Thanks to the prevailing rules in India, we are missing out on all the action and the moolah, despite a distinctive history of historic vehicles and very impressive skillsets available in India. So far, the government has tended to treat historic vehicles as a plaything for the rich but given that a few wealthy collectors had the reputation of indulging in this unusual ‘hobby’, this is not surprising. In the last few years, though, that has been changing. 

The rule for many years was simple: it was not possible to import any cars, unless they were less than six years old and the owner was an expatriate returning home to India. Plus, cars made before 1960 could not be exported out of India either. This was the only rule specific to historic vehicles, which came into effect in 1972, after several collectors convinced the then Prime Minister Indira Gandhi that pre-1960 cars should be considered as national treasures (like art, sculpture, and artefacts).    

There has otherwise been a blanket ban on the import of second-hand vehicles, as the government (and industry) believes that if second-hand vehicles are imported, it would hurt the automobile industry. Historically, there is some truth in that, as in countries like New Zealand, a budding automobile industry was wiped out once they allowed the import of second-hand vehicles, most of which were barely five-year-old reconditioned automobiles from Japan. Obviously, vehicles which are more than 30 years old (as defined by Fédération Internationale des VéhiculesAnciens, or FIVA, for a historic vehicle) should not have same effect as five-year-old almost-new cars.  

A win-win situation

In 2014, after much lobbying, the Indian government allowed the import of vehicles made before 1950. Since then, a few hundred pre-1950 historic vehicles have come in, despite a mindboggling 251 percent duty on the landed cost. Most of them have been picked up relatively cheap in the US, as the majority of these cars have been in rather poor condition. Once imported, they have ended up at restoration shops in various corners of India where considerable efforts have gone into restoring them, by refabricating the metal parts, redoing the upholstery, overhauling the mechanicals, and repainting the car after corrosion treatment, all entailing hundreds of highly skilled manhours.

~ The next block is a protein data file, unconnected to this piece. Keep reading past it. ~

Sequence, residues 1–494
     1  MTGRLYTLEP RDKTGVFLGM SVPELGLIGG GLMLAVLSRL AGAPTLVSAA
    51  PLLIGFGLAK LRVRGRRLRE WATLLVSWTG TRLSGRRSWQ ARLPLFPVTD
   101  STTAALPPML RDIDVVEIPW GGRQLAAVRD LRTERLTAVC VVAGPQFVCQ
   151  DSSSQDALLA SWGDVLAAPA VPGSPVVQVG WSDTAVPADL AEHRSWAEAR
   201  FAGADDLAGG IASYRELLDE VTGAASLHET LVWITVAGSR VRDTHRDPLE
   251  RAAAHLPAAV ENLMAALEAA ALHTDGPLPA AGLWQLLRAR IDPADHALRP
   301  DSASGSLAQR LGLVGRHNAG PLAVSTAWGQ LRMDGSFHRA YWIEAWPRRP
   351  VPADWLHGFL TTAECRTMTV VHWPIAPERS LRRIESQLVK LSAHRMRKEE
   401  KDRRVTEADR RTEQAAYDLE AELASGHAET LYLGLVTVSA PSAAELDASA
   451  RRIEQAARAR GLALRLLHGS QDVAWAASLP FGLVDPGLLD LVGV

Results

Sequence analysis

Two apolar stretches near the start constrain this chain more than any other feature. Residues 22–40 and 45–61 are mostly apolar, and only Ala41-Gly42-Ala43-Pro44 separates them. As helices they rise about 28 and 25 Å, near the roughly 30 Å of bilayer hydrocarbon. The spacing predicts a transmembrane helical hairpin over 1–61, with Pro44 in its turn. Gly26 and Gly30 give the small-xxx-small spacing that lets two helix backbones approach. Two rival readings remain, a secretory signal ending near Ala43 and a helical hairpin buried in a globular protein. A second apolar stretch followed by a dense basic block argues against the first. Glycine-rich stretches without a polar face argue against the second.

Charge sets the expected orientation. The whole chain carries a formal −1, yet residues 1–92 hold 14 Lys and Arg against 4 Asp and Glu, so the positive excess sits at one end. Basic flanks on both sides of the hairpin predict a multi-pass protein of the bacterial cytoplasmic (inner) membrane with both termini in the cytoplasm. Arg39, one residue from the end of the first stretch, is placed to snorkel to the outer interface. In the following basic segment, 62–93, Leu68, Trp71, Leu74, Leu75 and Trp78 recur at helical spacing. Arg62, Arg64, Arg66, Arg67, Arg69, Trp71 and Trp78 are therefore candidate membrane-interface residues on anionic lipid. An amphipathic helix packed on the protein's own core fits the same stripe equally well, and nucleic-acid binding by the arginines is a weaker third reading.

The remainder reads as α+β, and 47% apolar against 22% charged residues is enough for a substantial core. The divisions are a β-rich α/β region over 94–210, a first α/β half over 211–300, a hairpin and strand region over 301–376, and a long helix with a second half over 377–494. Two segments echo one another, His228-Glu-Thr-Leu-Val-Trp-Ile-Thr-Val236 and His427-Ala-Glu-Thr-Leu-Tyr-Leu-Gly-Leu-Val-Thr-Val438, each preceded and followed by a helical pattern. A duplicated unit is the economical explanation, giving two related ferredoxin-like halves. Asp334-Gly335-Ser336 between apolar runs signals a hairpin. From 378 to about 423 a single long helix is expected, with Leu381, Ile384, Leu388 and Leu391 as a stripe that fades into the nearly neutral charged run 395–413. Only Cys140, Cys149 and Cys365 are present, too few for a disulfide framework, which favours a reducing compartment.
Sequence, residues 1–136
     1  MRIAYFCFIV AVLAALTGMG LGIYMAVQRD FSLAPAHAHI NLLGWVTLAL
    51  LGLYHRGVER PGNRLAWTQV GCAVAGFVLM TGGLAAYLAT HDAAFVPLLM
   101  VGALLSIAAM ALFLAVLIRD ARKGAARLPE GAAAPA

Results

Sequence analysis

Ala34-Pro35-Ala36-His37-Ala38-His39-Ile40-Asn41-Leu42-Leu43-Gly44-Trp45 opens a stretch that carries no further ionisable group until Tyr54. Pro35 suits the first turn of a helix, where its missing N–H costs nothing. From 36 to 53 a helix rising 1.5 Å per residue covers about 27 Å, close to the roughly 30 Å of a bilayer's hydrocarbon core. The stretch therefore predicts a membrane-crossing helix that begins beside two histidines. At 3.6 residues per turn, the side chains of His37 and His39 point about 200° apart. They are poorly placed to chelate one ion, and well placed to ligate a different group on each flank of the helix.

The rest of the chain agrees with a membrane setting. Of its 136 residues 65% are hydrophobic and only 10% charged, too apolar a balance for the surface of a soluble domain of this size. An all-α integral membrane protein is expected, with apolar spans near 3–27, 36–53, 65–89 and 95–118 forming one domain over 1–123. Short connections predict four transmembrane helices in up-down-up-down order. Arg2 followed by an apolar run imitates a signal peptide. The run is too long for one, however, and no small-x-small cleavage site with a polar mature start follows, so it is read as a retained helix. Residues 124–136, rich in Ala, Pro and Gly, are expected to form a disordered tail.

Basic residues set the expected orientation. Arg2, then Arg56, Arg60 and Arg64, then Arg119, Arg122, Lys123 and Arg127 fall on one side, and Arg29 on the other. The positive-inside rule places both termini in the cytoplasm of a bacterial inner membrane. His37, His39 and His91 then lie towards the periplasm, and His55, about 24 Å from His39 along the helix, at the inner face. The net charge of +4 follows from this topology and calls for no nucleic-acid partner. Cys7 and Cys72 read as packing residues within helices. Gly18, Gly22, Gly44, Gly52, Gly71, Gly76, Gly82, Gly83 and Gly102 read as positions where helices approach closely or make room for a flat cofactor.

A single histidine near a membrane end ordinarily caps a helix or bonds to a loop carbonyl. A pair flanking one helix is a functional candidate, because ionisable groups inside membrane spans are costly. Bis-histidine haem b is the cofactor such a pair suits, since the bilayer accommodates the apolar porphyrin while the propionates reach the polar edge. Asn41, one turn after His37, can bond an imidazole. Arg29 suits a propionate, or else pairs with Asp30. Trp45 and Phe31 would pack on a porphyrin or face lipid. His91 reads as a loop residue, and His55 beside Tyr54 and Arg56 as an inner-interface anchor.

Thus, what the ‘opening up’ of the import of historic vehicles from before 1950 has done, is to encourage a burgeoning ‘industry’ of restoration shops across India, as hundreds of mostly unrestored cars have been imported, restored, and then sold on to collectors, all the while adding value by significant sums, whilst bringing in money into the government’s coffers. A win-win situation for everyone.   

Most countries in Europe allow the free import of vehicles which are more than 30years old (in the US the cut-off is 25 years). Following the same logic, it would make a lot more sense if the Indian government too, decided on a 30-year cut-off for historic vehicles, thereby encouraging an even bigger industry of automotive restorations, as the vehicle parc of cars which are pre-1950 is not even a tenth of the parc between 1950 and 1990.

In fact, the government ought to go one step further: allow and encourage the restoration of automobiles belonging to international collectors,thereby providing the foundation to an industry which has huge potential. Instead of Slovenia, Poland and Morocco, India should be the preferred place for the restoration of historic vehicles.